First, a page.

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In the past when medical expertise
was scarce and expensive, people did what they could to treat
In 1817 Elizabeth Penrhyn
received the present of an old recipe
book from the Duke of Portland. It contained prescriptions
and receipts dating back to the 17th
century and in use over many generations.
It was common for household cookbooks to include such recipes for treatments, often involving herbs and distilled water. These were usually collected from family and friends.
Those who could afford it might chose to visit one of the spa towns, such as Bath. The mineral waters were recommended as a cure for gout and other aches and pains.
In the East Midlands, Buxton's mineral waters had by the 19th century a long-established reputation. This was supported by medical men, such as Dr. Robertson. A new building for the hot baths was completed in the early 1850s.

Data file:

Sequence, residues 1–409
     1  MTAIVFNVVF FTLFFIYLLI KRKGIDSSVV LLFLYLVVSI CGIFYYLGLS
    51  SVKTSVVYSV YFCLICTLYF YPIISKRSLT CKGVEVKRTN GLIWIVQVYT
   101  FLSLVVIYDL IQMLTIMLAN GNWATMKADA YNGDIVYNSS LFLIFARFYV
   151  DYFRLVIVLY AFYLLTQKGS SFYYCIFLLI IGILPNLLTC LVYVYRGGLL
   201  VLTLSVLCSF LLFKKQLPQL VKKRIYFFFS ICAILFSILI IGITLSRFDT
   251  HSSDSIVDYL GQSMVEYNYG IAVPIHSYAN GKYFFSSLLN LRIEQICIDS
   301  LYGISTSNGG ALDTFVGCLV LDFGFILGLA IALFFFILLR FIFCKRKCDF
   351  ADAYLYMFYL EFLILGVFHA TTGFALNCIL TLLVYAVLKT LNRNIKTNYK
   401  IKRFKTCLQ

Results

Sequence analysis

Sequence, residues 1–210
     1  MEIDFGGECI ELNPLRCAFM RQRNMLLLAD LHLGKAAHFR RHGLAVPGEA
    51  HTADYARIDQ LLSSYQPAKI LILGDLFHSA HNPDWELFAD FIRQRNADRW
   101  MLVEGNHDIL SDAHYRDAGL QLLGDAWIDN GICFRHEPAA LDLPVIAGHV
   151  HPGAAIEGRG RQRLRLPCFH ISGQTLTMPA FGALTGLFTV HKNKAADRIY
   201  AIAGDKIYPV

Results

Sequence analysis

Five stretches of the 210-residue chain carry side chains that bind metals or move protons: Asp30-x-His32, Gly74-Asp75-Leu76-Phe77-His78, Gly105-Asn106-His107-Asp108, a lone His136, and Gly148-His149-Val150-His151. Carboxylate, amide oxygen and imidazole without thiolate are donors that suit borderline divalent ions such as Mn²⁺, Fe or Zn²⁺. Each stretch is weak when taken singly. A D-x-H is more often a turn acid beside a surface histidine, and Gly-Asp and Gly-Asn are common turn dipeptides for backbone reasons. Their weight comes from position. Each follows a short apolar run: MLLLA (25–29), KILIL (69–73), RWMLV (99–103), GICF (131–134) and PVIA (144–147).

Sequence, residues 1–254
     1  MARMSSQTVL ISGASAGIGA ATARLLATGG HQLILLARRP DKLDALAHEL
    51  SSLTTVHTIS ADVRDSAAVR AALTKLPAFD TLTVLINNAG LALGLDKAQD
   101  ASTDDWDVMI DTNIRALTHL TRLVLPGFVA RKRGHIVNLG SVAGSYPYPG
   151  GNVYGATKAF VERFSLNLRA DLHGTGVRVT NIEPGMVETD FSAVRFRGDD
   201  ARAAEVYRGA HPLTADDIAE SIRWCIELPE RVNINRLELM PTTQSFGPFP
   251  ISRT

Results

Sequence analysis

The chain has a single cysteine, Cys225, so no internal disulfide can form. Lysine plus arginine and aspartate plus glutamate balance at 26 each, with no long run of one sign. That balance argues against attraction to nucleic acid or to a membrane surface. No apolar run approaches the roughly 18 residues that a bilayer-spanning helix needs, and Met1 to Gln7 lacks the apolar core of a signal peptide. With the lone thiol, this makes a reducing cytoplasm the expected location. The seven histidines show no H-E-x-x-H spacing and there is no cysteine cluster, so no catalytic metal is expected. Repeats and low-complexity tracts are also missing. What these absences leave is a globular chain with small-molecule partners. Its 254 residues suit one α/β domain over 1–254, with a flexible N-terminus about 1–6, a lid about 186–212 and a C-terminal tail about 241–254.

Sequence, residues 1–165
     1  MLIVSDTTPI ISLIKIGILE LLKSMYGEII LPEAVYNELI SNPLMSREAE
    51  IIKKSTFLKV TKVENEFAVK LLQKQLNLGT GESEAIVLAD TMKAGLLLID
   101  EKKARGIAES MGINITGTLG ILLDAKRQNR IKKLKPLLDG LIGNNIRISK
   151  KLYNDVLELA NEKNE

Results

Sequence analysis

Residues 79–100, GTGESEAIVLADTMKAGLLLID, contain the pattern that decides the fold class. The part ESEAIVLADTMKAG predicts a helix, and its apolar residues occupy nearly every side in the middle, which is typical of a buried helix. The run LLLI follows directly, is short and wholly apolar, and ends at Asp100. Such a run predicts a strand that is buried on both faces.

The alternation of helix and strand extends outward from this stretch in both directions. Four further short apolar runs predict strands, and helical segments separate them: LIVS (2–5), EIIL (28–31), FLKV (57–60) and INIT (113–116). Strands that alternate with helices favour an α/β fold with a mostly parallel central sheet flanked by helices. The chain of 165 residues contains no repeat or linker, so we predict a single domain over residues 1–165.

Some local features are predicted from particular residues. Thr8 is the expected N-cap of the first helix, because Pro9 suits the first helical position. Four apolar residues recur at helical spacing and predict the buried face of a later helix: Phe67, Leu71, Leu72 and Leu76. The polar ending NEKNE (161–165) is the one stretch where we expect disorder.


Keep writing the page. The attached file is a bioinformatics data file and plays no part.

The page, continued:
A reminder that the modern taste for health supplements is not new is seen in a bookmark advertising cod liver oil. This comes from Wellcome's professional nurse's diary 1928-29:
"In the preparation of 'Kepler' Cod Liver Oil and Malt Extract, the finest cod liver oil…. is employed….. the oil is readily assimilable and the combination is pleasant to take, the fishy odour and taste being effectively masked."
Further sources relating to this subject area are held by Manuscripts and Special Collections at King's Meadow Campus. See our website for information about our collections and catalogues.